A Quick Guide to Your Baby’s Speech and Language Development - Birth to 6 Months

The Words in Bloom LogoSpeech and Language Milestones

By 6 months, your baby:

  • reaches for objects of interest, like a toy
  • turns towards a sound source or startles in reaction to sudden, loud noises
  • responds to their name
  • makes different cries for different needs, such as when hungry or tired
  • smiles and laughs in response to your smile and laugh
  • plays with sounds, like squeals, growls, gurgles, raspberries or maybe even speech sounds like “dah” or “buh”
  • starts to imitate speech sounds and non-speech sounds
  • recognizes familiar faces and objects (such as a bottle)
  • is soothed by calm noises
  • follows moving objects with his eyes
  • responds to music or toys that make noises
  • turns their eyes towards a sound source

A referral to the Words in Bloom program may be needed if your child is not meeting most of these milestones.

Building Blocks for Developing Your Baby’s Speech and Language Skills

  • Give your baby many opportunities to see your face during your regular routines. Your baby can pay attention to you and you can see what they are interested in, allowing you to give words to what they are looking at.
  • Read to your baby. This starts at a very young age. Your baby will enjoy the time spent with you and will love to hear your soothing rhythmic voice.
  • Show a favourite object… then pull it away or start a favourite activity, and then pause it. You will be teaching your baby to use their voice to ask for something and practice taking turns.
  • Give meaning to messages. When your baby sounds as if they are trying to ask you a question, make a demand, or make a statement… respond to them as though they are saying something important.
  • Talk and sing regularly. Sing when dressing, feeding, changing a diaper, or at bedtime. Your baby loves to hear your voice all the time.
  • While you are out with your baby, talk about what you are doing and seeing. Babies need a variety of experiences to learn and grow.

The Importance of Play

Play is the most enjoyable way to promote your baby’s speech and language skills.

  • Look at your baby when you are talking to him. Have fun with your facial expressions and watch as your baby tries to imitate you (even try sticking out your tongue).
  • Bring your baby close when you play. This will establish eye contact necessary for communication.
  • Babies enjoy adult attention in games such as pat-a-cake, peek-a-boo, and tickle games.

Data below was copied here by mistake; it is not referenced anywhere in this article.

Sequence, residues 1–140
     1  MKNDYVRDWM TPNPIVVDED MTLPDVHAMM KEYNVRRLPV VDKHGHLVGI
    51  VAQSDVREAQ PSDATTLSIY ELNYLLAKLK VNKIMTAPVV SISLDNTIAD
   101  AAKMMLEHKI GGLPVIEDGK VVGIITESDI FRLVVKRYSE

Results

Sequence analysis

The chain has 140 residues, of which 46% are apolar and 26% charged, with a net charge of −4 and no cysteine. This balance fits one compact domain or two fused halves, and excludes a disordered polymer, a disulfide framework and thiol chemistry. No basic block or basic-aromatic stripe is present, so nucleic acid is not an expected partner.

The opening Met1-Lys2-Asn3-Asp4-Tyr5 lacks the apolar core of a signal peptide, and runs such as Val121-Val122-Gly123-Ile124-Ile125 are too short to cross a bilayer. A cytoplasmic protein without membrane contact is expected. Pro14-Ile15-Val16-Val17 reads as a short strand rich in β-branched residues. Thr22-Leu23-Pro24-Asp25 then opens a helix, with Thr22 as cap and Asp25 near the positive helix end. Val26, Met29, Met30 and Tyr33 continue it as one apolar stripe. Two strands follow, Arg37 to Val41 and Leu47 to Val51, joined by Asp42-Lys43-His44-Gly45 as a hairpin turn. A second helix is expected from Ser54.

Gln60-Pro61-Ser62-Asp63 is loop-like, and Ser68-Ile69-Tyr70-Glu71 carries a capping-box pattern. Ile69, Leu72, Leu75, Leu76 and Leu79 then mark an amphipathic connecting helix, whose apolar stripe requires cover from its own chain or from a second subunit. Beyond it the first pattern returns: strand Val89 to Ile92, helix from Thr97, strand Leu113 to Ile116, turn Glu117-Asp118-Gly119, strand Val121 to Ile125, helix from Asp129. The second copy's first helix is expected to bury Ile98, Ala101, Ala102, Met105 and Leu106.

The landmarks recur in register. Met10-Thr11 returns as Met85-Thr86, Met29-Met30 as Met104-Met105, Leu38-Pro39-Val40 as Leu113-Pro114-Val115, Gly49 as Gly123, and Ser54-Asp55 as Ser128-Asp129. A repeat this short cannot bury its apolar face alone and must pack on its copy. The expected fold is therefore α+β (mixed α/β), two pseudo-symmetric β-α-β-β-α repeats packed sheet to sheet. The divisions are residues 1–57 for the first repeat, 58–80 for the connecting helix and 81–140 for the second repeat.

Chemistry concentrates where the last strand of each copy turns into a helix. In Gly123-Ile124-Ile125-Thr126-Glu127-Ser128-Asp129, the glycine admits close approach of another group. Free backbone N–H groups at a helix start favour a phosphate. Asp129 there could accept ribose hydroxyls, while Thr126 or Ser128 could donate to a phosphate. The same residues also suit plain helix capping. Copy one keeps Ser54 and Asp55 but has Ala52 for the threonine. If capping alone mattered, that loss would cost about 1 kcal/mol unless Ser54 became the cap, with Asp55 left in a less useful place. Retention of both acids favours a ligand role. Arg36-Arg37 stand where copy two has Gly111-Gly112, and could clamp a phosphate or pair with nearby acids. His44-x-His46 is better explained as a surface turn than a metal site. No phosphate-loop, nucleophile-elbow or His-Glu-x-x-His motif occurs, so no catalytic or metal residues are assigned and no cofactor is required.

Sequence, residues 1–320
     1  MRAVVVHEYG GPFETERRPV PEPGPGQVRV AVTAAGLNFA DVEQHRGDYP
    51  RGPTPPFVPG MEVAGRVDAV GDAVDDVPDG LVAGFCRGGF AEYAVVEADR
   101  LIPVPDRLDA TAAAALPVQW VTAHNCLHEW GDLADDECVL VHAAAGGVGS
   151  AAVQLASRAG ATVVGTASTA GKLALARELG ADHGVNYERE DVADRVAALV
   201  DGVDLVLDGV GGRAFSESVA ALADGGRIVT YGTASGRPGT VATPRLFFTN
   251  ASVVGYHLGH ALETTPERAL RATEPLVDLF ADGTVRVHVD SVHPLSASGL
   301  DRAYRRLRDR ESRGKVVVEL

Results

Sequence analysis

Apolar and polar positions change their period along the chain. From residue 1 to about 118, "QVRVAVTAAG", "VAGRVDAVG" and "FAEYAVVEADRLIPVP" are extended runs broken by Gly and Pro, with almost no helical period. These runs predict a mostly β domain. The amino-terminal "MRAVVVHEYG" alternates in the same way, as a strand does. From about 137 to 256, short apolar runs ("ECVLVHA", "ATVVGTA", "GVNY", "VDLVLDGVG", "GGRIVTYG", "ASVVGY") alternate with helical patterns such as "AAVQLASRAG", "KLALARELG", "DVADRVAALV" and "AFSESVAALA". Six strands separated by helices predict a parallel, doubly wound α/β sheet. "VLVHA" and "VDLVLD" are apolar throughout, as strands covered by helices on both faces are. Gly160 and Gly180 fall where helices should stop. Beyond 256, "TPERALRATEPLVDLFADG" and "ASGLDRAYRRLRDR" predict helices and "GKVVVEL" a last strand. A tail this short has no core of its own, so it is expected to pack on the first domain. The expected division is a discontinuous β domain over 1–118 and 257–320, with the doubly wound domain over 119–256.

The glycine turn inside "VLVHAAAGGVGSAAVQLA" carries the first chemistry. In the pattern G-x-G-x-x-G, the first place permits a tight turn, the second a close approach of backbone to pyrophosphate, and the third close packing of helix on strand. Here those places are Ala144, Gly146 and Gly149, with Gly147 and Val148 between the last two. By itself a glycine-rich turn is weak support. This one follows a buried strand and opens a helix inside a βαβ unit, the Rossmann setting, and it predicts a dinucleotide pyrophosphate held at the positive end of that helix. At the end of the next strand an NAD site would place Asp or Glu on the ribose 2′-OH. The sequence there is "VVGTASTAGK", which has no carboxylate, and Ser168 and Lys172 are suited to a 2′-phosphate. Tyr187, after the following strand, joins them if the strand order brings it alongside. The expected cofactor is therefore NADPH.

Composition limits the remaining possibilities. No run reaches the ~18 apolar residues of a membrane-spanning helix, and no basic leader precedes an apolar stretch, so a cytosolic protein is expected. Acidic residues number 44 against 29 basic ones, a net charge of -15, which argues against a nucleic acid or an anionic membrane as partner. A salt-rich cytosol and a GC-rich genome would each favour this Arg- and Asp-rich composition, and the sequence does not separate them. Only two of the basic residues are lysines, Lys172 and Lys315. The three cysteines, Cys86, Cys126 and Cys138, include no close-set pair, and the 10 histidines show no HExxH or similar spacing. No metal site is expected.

• Babies enjoy looking at picture books. Try books with real photographs, bright colours, textures, or sounds as these will interest your baby most at this stage.
  • Clap hands, count fingers and toes, or rock your baby while singing songs and reciting nursery rhymes like “This Little Piggy,” “Are You Sleeping?” or a song/rhyme that you made up.
  • Imitate your baby’s sounds. Back and forth sound play leads to turn-taking in games and in conversations later.
  • Smile, laugh and be animated which will help your baby pay attention to you.


Best Book Types:

  • Board books
  • Plastic books
  • Cloth books
  • Touch and feel books
  • Books with bright pictures
  • Books with pictures of familiar objects (especially animals)

Observe Your Child:

  • First your baby will explore books the same way they explore toys (by chewing, throwing, banging, shaking, feeling, squeezing, opening and closing them).
  • Later, your baby will start to focus on the pages by taking an interest in pictures and by turning the pages.

Opt to Join In:

  • Encourage your baby to explore the book in their own way.
  • Let your baby chew, shake, and bang the book.
  • Watch them closely to see what they are interested in.
  • Name the things you and your baby see.

Keep Having Fun:

  • Use an animated and playful voice.
  • Let your baby be in charge of the book.
  • Play with a favourite book over and over again.

Some Suggestions:

  • Cloth Book: Who Do You See? by Will Grace
  • Pat the Bunny by Dorothy Kunhardt
  • Animals on the Farm Series: My First Noisy Bath Books by Caroline Davis
  • Touch and Feel Book: Fuzzy Bee by Roger Priddy

Did You Know?

  • Babies love the rhythm of music. Sing to your baby often!
  • When singing, repeat the song over and over again. Babies love and learn through repetition. Sing, sing, and sing some more!
  • Bath time is so much fun for babies! Splash the water, pat the water, pour water over your baby. Make fun noises while having lots of fun!

Frequently Asked Questions

Q: Will using signs with my baby delay him from using words?
A: Using gestures and signs is actually shown to enhance your baby’s ability to acquire new words.

Q: I’ve heard that using baby talk is not beneficial to my child’s speech and language development. Is this true?
A: Baby talk, when you change your tone of voice, is helpful in getting your baby’s attention which will help them understand your words. Words like “baba,” “num-num,” and “si-si,” on the other hand, are “baby” words. This type of talk will hinder your baby’s speech and language development. Always use REAL words.

Q: Is there a need for me to talk to my baby before she is able to talk?
A: Yes. Babies learn about their world by listening to you talk. Your baby will learn to talk through the interactions they have with you.

If you suspect your child is having difficulty communicating, don’t wait! Follow your instincts. Friendly, confidential help is only a call away.

Contact Words in Bloom by calling the EOHU at 613-933-1375 or at 1-800-267-7120.

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